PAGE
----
Adventurous Chesterton and Irrational Vulcans

(Picture above by Daniel Adel)

As an adult, I have very fond memories of my father fan-girling over weekly episodes of the Star Trek series. Every week, after a long day’s work, I would lay on his bed as he rolled down his business socks, tossed them in my face– a tradition I can only hope to pass on to my children–and tuned in to watch Captain Kirk, Dr. Spock, and the rest of the Enterprise traverse the farthest reaches of space to save the day against the most malevolent forces of the universe. Despite my fading fascination with the show –I’m partial to purple lightsabers–one character has remained so enigmatic to me that he has become in my mind, the paragon of an irrational man. I’m talking here about Leonard Nimoy’s Dr. Spock.

“Many Millennia ago” the Vulcans were able to recognize their extreme inclination towards death and destruction and sought to purify themselves of the emotions which compelled them to do so. Their solution was to adopt a kind of stoicism that they felt purged them of their worst compulsions. In place of the rich religious fabric that they had crafted over thousands of years, the Vulcans adopted an empiricism so dogmatic that it made David Hume look like Gene Wilder’s Willy Wonka. From that point forward the Vulcans became a people so committed to logic and empiricism that even Dr. Spock, who is half-human, is mostly incapable of understanding sarcasm, euphemisms, or even figurative speech. Check this out if you don’t understand what I mean…

Dr. Spock was never compromised and never showed an ounce of fear, even in the face of an angered Captain Kirk. Growing up I idolized that way of being. That is until I read G.K. Chesterton’s Orthodoxy.

Chesterton’s basic idea is that a lunatic is not the one who is driven by all sorts of irrational passions and believes in things that he cannot verify empirically. Quite the contrary. The lunatic is the one who believes so dogmatically in what he can verify empirically that he cuts himself off from the world as it actually may be outside of himself.  As he puts it “The madman is not the man who has lost his reason. The madman is the man who has lost everything except his reason.” Suppose a man was crazy enough to believe that the government had replaced all of his family and friends with look-alikes. “we promise you. We are not government look-alikes!” the family might implore. “Well, that is EXACTLY what government look-alikes would say if they were trying to convince me otherwise!” The man has committed himself to his mistress reason so whole-heartedly that he is forced to reject the very affections/relations that would disabuse him of his delusions. He is so committed to his unfalsifiable empiricism that he cannot be captivated by the beauty of the gesture offered by his family members. Much like Dr. Spock he is incapable of chuckling at the beautiful paradoxes in our speech patterns, and actions. He is incapable of internalizing the incomprehensible depths to which his family members’ hearts must sink at the sight of their loved one in such a condition.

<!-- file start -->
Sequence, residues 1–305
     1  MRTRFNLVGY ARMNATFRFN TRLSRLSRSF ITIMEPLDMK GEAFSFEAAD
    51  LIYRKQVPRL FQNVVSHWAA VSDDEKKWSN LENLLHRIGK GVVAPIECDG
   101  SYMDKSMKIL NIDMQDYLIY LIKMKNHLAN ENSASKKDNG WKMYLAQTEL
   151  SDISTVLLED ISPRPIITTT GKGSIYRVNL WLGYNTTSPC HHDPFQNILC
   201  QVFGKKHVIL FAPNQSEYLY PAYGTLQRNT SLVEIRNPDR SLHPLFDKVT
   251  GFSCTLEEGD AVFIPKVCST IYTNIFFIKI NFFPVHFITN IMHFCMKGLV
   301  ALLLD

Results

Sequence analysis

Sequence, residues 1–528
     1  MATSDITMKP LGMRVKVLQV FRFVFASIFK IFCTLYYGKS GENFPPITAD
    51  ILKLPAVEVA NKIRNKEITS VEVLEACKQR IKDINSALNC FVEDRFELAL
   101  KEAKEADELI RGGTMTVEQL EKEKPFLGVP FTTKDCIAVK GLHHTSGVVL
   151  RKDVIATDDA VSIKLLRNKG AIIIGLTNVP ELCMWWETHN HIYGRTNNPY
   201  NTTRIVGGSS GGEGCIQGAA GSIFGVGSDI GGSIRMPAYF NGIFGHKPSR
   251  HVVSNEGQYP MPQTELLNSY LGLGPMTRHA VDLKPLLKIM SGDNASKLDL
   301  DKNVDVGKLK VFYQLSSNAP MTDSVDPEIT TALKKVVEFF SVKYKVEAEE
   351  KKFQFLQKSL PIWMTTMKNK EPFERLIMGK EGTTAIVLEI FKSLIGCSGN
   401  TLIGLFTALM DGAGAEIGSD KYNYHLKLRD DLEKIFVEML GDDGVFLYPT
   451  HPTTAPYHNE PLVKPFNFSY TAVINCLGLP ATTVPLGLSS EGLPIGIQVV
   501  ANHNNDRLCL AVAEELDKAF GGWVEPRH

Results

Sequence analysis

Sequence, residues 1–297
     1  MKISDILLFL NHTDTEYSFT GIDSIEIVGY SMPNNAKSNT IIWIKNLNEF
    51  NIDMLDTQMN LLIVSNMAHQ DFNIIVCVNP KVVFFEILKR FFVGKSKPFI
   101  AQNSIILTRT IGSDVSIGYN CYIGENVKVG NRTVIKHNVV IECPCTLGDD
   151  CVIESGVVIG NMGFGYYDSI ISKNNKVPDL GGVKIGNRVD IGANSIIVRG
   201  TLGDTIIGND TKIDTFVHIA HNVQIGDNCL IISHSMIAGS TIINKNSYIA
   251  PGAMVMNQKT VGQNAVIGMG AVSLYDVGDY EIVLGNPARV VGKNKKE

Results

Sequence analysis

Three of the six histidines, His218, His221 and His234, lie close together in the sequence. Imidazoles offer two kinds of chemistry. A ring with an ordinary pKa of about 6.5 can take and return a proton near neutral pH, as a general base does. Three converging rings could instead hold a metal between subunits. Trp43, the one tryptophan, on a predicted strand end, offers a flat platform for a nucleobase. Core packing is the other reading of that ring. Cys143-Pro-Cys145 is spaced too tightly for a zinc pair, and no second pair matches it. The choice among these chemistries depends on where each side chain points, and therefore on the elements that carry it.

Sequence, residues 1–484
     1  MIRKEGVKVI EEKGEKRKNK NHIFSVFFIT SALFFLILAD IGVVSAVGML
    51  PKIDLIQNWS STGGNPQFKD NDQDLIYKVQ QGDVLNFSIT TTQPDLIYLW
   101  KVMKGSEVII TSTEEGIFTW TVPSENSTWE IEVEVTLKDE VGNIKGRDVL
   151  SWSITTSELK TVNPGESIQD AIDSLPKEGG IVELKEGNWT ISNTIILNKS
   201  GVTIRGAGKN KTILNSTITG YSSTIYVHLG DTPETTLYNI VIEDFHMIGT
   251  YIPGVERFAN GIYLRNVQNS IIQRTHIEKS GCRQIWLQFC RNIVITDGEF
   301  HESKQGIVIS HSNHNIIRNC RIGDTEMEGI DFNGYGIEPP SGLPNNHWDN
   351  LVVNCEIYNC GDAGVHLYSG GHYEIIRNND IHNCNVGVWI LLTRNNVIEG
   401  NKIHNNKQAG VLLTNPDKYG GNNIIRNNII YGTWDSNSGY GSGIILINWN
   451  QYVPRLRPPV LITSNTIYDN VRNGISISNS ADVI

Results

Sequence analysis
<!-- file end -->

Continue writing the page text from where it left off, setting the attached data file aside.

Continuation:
The modern worldview is much like the Vulcan. If it cannot see the transcendent, hear it, manipulate it, or bring it into submission, then it will be damned if does not stand in complete rejection of it. Modernity much like the lunatic asylum is filled with people who believe in themselves very strongly.

So what do I propose as a remedy to modernity’s reduction of life? To the radical empiricist, with Chesterton, I propose the adventure of love and imagination. It is not the cold and dispassionate man who becomes an expert in the field. It is the man whose love for the subject compels him to cast himself into the deep. Good music is not made by the dispassionate technician looking to make a quick buck. Good music is made by the one who has fallen head-over-heels in love with music. Great marriages are not maintained when the tired spouses technically do what their spouses ask. Marriages flourish when the spouses recognize and seek to be enraptured by the incomprehensible beauty that is their significant other. Monumental scientific discoveries are not found because an unbiased scientist ran an experiment. No. Something she observed so excited, delighted, and confounded her that she could not rest until she solved that tiny piece of the cosmos. The crucifixes which hang on our walls are not signs of an indifferent transaction between the Father and Son. To look at a crucifix is to see that the Word saw something so desirable in each of us that he would rather have emptied himself of his very godliness than imagine an eternity without us.

Chesterton was right. The dirty secret that the hyper-rational never want to admit is that actively choosing to submit ourselves to a love greater than us–a seemingly irrational move–makes us incredibly sane. Until we allow ourselves the adventure of being enraptured by the true, the good, and the beautiful, we may live long, but we certainly will not prosper.

Let us pray for the grace to be surprised by the incomprehensible beauty that God is, that it might inspire us to continue to give it The Ol’ Catholic Try